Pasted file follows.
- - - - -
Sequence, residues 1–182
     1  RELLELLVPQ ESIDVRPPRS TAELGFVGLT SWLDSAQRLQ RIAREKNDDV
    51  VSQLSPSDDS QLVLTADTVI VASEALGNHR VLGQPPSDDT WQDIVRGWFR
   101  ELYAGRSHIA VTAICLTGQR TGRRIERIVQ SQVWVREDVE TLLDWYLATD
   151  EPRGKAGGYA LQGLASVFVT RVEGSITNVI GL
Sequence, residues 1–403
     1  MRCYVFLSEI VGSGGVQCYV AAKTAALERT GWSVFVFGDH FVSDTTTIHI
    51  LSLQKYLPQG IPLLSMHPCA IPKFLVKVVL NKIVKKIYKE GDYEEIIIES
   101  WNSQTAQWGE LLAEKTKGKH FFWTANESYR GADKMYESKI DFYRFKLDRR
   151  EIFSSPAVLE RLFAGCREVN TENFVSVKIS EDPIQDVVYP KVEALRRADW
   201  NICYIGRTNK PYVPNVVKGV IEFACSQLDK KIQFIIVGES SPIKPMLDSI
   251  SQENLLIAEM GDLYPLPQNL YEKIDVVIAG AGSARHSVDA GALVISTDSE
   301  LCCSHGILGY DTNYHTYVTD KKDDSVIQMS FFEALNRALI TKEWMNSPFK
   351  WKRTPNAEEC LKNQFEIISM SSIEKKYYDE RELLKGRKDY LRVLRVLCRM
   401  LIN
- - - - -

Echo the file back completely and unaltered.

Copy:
Sequence, residues 1–182
     1  RELLELLVPQ ESIDVRPPRS TAELGFVGLT SWLDSAQRLQ RIAREKNDDV
    51  VSQLSPSDDS QLVLTADTVI VASEALGNHR VLGQPPSDDT WQDIVRGWFR
   101  ELYAGRSHIA VTAICLTGQR TGRRIERIVQ SQVWVREDVE TLLDWYLATD
   151  EPRGKAGGYA LQGLASVFVT RVEGSITNVI GL
Sequence, residues 1–403
     1  MRCYVFLSEI VGSGGVQCYV AAKTAALERT GWSVFVFGDH FVSDTTTIHI
    51  LSLQKYLPQG IPLLSMHPCA IPKFLVKVVL NKIVKKIYKE GDYEEIIIES
   101  WNSQTAQWGE LLAEKTKGKH FFWTANESYR GADKMYESKI DFYRFKLDRR
   151  EIFSSPAVLE RLFAGCREVN TENFVSVKIS EDPIQDVVYP KVEALRRADW
   201  NICYIGRTNK PYVPNVVKGV IEFACSQLDK KIQFIIVGES SPIKPMLDSI
   251  SQENLLIAEM GDLYPLPQNL YEKIDVVIAG AGSARHSVDA GALVISTDSE
   301  LCCSHGILGY DTNYHTYVTD KKDDSVIQMS FFEALNRALI TKEWMNSPFK
   351  WKRTPNAEEC LKNQFEIISM SSIEKKYYDE RELLKGRKDY LRVLRVLCRM
   401  LIN